The term “patent medicines” came to describe all pre-packaged medicines sold “over-the-counter” without a doctor’s prescription. In the United States very few preparations were ever actually patented, but they were wildly popular.
Patent medicines, which typically did not disclose their contents, were profitable and plentiful after the Civil War through the early twentieth century, when the first Pure Food and Drug Laws were passed.
The manufacturers and promoters made millions from a public eager for cures for a variety of ailments, and from many who were unable to afford the regular care of a doctor.
On March 21, 2024 at 7 pm, the Schoharie Crossing State Historic Site will host a talk a free virtual talk by Kayla Whitehouse of the National Bottle Museum in Ballston Spa, NY on the era of patent medicines, with a focus on women proprietors.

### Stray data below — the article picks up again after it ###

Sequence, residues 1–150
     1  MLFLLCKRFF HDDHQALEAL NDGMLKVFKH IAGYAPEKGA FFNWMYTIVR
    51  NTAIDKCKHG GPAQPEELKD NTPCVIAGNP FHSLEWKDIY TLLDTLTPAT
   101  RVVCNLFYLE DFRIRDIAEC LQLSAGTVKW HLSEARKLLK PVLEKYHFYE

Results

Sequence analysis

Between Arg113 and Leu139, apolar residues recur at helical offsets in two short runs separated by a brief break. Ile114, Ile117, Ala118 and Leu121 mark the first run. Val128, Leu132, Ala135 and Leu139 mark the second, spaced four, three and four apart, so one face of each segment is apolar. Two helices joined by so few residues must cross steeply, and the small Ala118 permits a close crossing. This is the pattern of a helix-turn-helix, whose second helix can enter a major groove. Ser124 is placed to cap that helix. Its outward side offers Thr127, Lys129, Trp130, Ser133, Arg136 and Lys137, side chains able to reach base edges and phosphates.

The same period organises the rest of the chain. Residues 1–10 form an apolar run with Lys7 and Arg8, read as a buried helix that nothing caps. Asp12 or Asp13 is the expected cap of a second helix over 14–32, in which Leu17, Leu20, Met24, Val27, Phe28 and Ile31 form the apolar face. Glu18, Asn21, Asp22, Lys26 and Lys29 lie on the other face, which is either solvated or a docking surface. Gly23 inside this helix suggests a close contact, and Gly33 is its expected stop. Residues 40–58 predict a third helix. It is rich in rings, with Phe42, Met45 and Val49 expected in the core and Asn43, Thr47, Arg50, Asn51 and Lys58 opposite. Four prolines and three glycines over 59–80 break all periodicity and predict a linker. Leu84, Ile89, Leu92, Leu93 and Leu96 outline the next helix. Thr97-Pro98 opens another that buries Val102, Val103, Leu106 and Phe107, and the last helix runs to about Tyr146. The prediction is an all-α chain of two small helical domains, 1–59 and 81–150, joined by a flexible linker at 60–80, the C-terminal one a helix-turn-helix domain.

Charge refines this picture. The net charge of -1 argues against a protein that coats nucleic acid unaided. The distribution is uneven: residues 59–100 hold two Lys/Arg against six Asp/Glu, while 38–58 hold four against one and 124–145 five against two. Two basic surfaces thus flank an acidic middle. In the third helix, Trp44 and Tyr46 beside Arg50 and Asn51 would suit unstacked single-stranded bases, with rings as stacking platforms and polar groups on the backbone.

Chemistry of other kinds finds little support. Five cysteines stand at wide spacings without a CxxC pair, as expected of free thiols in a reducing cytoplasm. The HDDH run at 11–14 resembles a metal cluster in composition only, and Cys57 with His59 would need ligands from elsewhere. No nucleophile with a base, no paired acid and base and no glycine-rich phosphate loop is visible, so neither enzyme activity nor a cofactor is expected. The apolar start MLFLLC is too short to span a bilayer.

“Queens of Quackery! Female Proprietors of Patent Medicines” will cover the history of patent medicines, typical patent medicine bottles, and some of the more infamous women who made history selling medicines and tonics during that time.